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Rosanne Cash records 12 from her fathers “list” of great country songs

NPR has a story about Rosanne Cash’s new album:

September 28, 2009 – Back in 1973, Rosanne Cash told her father that she wanted to play country music for a living. Johnny Cash was, to put it mildly, an authority on the subject, so he made her a list of 100 essential songs she needed to hear as she embarked on her career. “Long Black Veil.” “Girl From the North Country.” “Miss the Mississippi and You.”

Each selection not only added to the young singer’s understanding of music and the emotions behind writing and performing songs; they also provide a window into the mind and spirit of Rosanne Cash’s late father. Thirty-six years later, the younger Cash has had a fruitful career, and now she’s taken on the task of interpreting some of the music Johnny Cash helped her discover when she was starting out. The List, heard here in its entirety for the week leading up to its Oct. 6 release, compiles 12 of those covers, with guest vocals from Bruce Springsteen, Elvis Costello, Rufus Wainwright and Wilco’s Jeff Tweedy. (An iTunes-only bonus track, “Satisfied Mind,” also features Neko Case and is included here.)

Rosanne Cash has never been the showiest country singer around, which is part of her considerable appeal: She inherited her father’s plainspoken nature, which lends her a measure of authenticity and authority. These 12 covers are — by definition and necessity — timeless, and Cash’s performances give them room to breathe and shine.

You can hear the whole record at the NPR link.

The No Depression site adds this from a press release:

“The List was far-ranging and thorough,” Cash says. “It was assembled from my father’s intuitive understanding of each critical juncture in the evolution of country music. There were old Appalachian folk ballads, and the songs of Jimmie Rodgers and Woody Guthrie. The influence of gospel and Southern blues were crucial. Then he segued into rockabilly and the birth of modern country music by way of Hank Williams, and up to the present, which was then 1973. He also included a couple of his own songs. I endeavored to learn them all and it was an education,” she says. “I looked to that list as a standard of excellence, and to remind myself of the tradition from which I come. This album enables me to validate the connection to my heritage rather than run away from it, and to tie all the threads together: past and future, legacy and youth, tradition the timelessness.”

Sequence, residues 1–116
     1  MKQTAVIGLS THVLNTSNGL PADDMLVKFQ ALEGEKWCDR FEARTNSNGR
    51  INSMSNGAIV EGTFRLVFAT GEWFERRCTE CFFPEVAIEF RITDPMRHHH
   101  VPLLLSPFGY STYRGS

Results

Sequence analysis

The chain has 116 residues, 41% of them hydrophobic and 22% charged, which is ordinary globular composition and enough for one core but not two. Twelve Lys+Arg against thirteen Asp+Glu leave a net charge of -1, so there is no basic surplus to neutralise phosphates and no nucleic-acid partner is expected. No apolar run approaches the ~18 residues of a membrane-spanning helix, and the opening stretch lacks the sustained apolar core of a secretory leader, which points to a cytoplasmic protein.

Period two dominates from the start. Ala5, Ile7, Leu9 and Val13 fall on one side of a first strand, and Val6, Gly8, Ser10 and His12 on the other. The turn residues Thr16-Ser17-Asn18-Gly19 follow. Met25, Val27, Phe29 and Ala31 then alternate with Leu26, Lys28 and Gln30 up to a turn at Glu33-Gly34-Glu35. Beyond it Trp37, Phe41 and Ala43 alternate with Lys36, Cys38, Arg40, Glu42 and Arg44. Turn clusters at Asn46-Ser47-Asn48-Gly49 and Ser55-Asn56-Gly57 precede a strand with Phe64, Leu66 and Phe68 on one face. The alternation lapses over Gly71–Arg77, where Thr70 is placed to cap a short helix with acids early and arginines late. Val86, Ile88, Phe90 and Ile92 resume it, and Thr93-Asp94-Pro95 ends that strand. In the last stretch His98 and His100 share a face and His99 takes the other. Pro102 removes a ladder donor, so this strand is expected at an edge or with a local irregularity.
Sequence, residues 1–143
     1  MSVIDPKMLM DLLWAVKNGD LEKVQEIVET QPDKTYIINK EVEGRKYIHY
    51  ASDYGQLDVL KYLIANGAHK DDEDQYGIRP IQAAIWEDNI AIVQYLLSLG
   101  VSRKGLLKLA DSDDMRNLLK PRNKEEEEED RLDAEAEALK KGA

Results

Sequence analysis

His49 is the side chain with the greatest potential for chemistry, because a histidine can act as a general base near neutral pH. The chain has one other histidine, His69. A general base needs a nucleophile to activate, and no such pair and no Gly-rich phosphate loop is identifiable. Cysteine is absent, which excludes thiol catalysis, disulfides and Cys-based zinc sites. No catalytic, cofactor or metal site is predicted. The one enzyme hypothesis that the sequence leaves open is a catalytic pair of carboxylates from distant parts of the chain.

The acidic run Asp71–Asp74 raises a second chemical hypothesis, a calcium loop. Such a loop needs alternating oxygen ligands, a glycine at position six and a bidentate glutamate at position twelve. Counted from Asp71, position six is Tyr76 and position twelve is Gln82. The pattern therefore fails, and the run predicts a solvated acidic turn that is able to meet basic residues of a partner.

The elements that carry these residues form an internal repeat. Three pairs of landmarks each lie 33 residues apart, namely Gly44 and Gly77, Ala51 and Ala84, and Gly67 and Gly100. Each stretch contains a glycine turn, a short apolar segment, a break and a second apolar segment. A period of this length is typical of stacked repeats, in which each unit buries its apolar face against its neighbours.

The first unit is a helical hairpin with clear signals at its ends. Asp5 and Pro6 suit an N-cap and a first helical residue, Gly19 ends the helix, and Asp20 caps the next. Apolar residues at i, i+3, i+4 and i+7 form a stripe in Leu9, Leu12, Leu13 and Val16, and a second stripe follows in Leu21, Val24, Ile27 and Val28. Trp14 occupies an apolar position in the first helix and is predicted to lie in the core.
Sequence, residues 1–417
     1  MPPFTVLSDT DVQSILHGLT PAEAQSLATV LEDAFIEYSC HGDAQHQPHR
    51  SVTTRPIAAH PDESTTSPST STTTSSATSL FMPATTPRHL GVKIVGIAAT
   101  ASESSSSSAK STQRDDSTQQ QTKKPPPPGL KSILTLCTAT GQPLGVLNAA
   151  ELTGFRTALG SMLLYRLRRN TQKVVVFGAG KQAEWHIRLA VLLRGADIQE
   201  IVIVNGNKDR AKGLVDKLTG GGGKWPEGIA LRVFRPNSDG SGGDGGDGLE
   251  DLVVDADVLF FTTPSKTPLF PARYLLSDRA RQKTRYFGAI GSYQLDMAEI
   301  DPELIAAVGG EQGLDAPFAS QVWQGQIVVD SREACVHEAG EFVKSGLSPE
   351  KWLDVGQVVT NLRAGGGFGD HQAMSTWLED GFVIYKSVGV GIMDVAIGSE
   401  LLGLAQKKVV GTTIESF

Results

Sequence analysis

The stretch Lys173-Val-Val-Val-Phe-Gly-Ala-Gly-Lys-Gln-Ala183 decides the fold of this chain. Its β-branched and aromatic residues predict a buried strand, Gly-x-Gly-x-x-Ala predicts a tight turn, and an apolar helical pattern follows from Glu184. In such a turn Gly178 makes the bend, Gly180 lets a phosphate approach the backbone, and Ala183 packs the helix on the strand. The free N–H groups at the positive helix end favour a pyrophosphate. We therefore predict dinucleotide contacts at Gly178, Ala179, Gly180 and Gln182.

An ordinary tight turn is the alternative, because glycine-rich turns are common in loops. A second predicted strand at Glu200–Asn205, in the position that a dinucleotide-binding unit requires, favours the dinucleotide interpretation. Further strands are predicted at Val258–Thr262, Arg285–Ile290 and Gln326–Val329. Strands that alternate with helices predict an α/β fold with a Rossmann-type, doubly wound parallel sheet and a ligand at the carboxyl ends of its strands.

Through her stylish interpretations, Cash manages to transcend genre on The List, proving that these songs deserve a permanent place in the American Songbook. Produced and arranged by Grammy-Award winner John Leventhal (Cash’s husband, who also contributes striking guitar work throughout), The List includes Cash’s covers of songs by The Carter Family (“Bury Me Under the Weeping Willow”), Hank Williams (“Take These Chains From My Heart”), Jimmie Rodgers (“Miss The Mississippi and You”), Hank Cochran/Patsy Cline (“She’s Got You”), Merle Haggard (“Silver Wings”), and Bob Dylan (“Girl From the North Country,” famously done by Dylan and Johnny Cash in 1969).

The album also features a host of special guests whom Cash admires, including Bruce Springsteen (on “Sea of Heartbreak”), Elvis Costello (on “Heartaches by the Number”), Wilco’s Jeff Tweedy (on “Long Black Veil”), and Rufus Wainwright (on “Silver Wings”).

I’d love to see the whole list Cash gave her, but could not find it online.  The 12 songs recorded for the record look interesting.

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